US economic growth is expected to have accelerated in the final quarter of 2021, boosted by consumer spending and business investment, before disruptions from the Omicron coronavirus variant became widespread.
Economists forecast a 5.5 per cent advance in US gross domestic product on an annualised basis in the fourth quarter, according to Reuters, up from 2.3 per cent in the third quarter.
GDP is expected to have risen 1.3 per cent compared with the previous quarter, based on a measure used by other major economies. The US commerce department is scheduled to release the report at 8:30am Eastern time on Thursday.
Despite disappointing December retail sales data, consumer spending is expected to be a major contributor to economic growth, as Americans did their holiday shopping early amid concerns that supply chain snarls could lead to bare store shelves.
“A lot of that is tied to the environment we saw at the end of last year, with household balance sheets in a good position overall, rising wages and rising employment,” said Oren Klachkin, lead economist at Oxford Economics.
Business investment and inventories are also expected to have supported growth at the end of last year as companies replenished their stockpiles, although supply chain disruptions and rampant inflation have been an obstacle to the recovery.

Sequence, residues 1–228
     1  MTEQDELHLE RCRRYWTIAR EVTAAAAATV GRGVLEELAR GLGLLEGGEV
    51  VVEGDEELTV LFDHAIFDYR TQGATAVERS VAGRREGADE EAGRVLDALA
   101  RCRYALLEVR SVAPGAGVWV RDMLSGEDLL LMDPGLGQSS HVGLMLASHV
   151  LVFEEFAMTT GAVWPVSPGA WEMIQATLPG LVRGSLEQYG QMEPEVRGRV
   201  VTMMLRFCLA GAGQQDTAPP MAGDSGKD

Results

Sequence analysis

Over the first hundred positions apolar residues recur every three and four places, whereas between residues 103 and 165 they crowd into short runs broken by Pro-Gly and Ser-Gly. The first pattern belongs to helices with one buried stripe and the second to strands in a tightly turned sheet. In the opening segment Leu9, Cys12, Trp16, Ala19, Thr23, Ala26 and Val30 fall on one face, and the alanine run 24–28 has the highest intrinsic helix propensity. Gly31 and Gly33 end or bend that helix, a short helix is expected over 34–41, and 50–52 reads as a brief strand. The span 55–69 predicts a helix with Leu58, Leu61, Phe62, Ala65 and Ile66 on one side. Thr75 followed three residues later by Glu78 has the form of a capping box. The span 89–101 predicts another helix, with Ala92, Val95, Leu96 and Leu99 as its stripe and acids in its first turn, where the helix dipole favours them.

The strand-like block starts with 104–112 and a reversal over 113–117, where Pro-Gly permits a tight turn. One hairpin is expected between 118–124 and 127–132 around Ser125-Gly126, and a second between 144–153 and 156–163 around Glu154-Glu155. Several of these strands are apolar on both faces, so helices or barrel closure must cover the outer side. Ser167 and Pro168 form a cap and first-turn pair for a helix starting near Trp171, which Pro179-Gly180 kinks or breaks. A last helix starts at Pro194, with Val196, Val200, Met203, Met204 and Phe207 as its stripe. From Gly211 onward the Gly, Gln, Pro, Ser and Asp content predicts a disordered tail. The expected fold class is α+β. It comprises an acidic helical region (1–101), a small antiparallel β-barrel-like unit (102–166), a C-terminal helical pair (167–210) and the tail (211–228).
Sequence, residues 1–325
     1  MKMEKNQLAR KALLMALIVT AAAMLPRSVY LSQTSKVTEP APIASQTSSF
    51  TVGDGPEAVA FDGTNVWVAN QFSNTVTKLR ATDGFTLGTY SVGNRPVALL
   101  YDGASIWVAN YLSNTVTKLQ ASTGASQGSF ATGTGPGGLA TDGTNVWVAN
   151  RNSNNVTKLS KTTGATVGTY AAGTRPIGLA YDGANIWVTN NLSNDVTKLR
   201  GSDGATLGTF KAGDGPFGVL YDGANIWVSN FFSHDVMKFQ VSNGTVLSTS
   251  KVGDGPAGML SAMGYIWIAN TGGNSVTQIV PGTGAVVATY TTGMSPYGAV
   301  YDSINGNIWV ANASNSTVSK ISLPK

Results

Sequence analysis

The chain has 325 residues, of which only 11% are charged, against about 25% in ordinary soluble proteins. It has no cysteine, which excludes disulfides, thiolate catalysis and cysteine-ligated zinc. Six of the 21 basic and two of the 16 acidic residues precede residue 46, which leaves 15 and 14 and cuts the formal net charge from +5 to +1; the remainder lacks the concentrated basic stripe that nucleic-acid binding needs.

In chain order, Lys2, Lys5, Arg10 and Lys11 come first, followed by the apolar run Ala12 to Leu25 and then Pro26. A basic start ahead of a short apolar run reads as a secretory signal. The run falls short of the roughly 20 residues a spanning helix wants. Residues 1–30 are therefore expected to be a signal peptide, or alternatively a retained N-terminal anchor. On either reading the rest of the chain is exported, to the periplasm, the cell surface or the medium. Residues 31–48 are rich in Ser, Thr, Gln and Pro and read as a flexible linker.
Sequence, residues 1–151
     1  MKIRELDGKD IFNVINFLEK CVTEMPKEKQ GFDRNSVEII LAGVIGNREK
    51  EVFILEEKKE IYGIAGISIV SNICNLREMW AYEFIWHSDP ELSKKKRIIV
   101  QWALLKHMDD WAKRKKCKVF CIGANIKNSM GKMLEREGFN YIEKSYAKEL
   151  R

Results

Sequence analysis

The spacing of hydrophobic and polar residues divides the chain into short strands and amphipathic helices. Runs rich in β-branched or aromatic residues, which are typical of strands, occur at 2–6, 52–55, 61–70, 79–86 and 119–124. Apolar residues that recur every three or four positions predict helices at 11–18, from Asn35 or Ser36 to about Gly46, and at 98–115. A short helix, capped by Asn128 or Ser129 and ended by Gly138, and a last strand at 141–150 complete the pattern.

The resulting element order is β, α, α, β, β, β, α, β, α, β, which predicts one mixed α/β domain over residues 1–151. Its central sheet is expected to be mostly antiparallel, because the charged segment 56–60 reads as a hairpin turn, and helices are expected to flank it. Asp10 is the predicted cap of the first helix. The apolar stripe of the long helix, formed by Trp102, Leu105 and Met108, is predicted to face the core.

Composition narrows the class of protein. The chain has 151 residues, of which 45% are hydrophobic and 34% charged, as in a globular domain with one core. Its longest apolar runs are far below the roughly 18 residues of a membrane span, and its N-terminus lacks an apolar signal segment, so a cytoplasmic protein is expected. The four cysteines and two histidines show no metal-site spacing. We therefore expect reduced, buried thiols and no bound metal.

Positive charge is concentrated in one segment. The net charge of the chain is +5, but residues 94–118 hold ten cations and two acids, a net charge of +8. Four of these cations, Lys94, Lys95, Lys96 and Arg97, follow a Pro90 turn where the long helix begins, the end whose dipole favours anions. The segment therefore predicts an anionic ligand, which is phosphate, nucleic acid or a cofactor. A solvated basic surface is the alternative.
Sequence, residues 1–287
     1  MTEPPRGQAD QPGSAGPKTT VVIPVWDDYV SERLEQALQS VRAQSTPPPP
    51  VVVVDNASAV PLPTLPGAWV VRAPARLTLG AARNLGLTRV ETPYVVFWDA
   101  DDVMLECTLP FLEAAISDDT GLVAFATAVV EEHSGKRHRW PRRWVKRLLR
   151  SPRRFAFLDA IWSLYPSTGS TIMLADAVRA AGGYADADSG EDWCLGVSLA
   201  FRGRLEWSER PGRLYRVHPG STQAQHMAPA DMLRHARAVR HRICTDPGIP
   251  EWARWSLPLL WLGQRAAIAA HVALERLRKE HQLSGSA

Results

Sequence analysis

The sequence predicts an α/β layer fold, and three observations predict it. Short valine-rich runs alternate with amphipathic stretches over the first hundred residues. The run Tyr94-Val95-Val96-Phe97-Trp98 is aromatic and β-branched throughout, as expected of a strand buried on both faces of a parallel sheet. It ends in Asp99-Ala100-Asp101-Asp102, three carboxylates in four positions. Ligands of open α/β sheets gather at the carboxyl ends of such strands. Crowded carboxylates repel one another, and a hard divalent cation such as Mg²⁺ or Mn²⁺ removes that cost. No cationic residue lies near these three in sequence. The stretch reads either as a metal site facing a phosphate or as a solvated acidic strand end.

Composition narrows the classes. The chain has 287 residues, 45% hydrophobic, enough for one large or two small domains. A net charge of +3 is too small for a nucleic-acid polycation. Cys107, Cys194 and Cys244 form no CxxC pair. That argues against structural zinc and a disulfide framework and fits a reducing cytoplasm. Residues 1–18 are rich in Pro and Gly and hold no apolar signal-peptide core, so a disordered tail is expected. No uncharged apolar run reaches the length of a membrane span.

Economists have cautioned that the wave of Covid-19 infections sparked by Omicron will deliver a sharp but shortlived hit to economic activity at the start of 2022. Americans cut back on dining out and air travel, while plans for workers to return to their offices were delayed, which affected spending in commercial areas.
The IMF this week cautioned that the global economic recovery from the pandemic will face multiple hurdles. It slashed its forecast for US economic growth this year to 4 per cent, down from 5.2 per cent in its October outlook.
Federal Reserve chair Jay Powell on Wednesday said he expects some softening in the economy from the Omicron wave that began to ripple across the US in late December, but that the effects would be temporary.
The Fed has looked past Omicron concerns and signalled its intention to raise interest rates in March as it pushes ahead with plans to tighten monetary policy and quash stubbornly high inflation.
With markets pencilling in four rate rises and balance sheet run-off this year, concerns have grown that aggressive tightening could take some steam out of the economy. But James Knightley, chief international economist at ING, said “it could actually boost confidence in that they are getting a grip as inflation is a real concern for households and businesses”.